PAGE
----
According to the Codex Mendoza, dated approximately 1547, chia seeds were one of the Aztec’s main food staples, after corn and beans, ahead of amaranth.
Other sources show that chia was fist mentioned by Aztecs in 3500 BC. Between 1500 and 900 bc it was cultivated by Aztecs in the center of Mexico. This grain was grown by other ancient civilizations of Teotihuacan and Toltec in the Valley of Mexico during 2600 – 2000 bc.
Aztecs used chia seeds as whole seeds for food, made drinks, pressed oil out of seeds, ground them into flour, used in medicine and religious ceremonies.
Spaniards prohibited chia due to this close connection with religion, after they conquered America and in the last 500 years this grain was grown only in the remote regions of Mexico.
Ancient civilizations believed that chia seeds posses super powers.
In Mayan language chia means “power” because these seeds give lots of energy. In the ancient times Aztec warriors identified their endurance with these tiny seeds. Mexican tribe Tarahumara, famous for its athletes – runners has kept the traditions of traditional drink Iskiate, made of chia seeds, lemon and water. Tarahumara runners can run for hundreds of miles.
Here are just few facts about chia seeds that confirm why chia is the superfood:
1 tsp of cha seeds (15 g) contains 3 g of Omega-3, 6 g of digestible fiber and 3 g of protein.
According to recommendations of several medical cardio associations, daily consumption of Omega-3 should be 2 g. For comparison, fish caviar contains 3 times less of Omega-3. Unsaturated fatty acids of Omega-3 are important for healthy body, including immune and cardio systems , and are used as building blocks for nervous system and brain, especially grey matter.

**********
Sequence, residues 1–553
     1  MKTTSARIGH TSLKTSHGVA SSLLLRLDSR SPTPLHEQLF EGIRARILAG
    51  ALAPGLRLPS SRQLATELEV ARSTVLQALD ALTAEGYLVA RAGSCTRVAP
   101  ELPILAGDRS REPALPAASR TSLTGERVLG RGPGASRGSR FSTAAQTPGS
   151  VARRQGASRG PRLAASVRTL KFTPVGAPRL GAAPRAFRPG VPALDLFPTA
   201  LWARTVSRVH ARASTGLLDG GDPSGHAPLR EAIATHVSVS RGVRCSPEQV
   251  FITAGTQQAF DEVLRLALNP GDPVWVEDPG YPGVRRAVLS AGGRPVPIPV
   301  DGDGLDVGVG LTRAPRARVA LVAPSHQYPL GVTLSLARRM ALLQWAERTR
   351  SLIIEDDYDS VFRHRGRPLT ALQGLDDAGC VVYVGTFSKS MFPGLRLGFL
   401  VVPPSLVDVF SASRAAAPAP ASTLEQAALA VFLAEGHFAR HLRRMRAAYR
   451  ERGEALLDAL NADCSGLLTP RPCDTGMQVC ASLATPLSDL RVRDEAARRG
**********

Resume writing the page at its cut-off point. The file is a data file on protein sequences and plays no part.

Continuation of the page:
Chia perfectly balances soluble and insoluble fiber. Soluble fiber turns into gel when mixed in water and insoluble fiber practically does not change when moving through the GI tract. Both of these kinds of fiber are important for healthy digestion.
Chia seeds contain 8 amino acids, full set of protein complex.
Chia seeds are very nutritious (486 calories for 100 g), high protein content (20%), vitamins, iron and other useful nutrients and antioxidants which can help slow down aging process, contribute to healthy nail and hair growth, keeping skin moist and fast cell regentration.
Chia can be white or black but they should not be brown. Brown chia seed are not ripe. Unlike other seeds, chia have soft shell and not needed to be ground.
Chia seeds can be eaten raw, added to salads, porridge, grain dishes, cereal mixes and smoothies, made into a flour, added to pastries, to thicken soups. Chia can perfectly replace eggs in pastries.
Superfood. Chia pudding recipe.
- Chia seeds – 2 tsp
- Plant based mylk or cream – 1/2 cup
- Fruits / berries – 200g
- Add chia seeds to mylk, stir and leave for 20 minutes at least to let this gele transformation happen.
- Rinse fruits and berries. My choice for the pudding are strawberry, blueberry, blackberry, raspberry and red current. Cut large berries and fruits in fine pieces. I cut strawberries only.
- Place in layers into a glass jar alternating between berries and chia mylk mix. A spoonful of chia-mylk mix can be added on top as a decoration.
- Can be served immediately or placed into refrigerator for an hour or overnight.
This is a basic recipe. Due to chia having almost no taste following ingredients can be added to the mix for more flavor: vanilla, chocolate, ginger, turmeric, acerola, agave, date pieces or any other filler of your choice. Plant based mylk can be changed to orange or mango juice.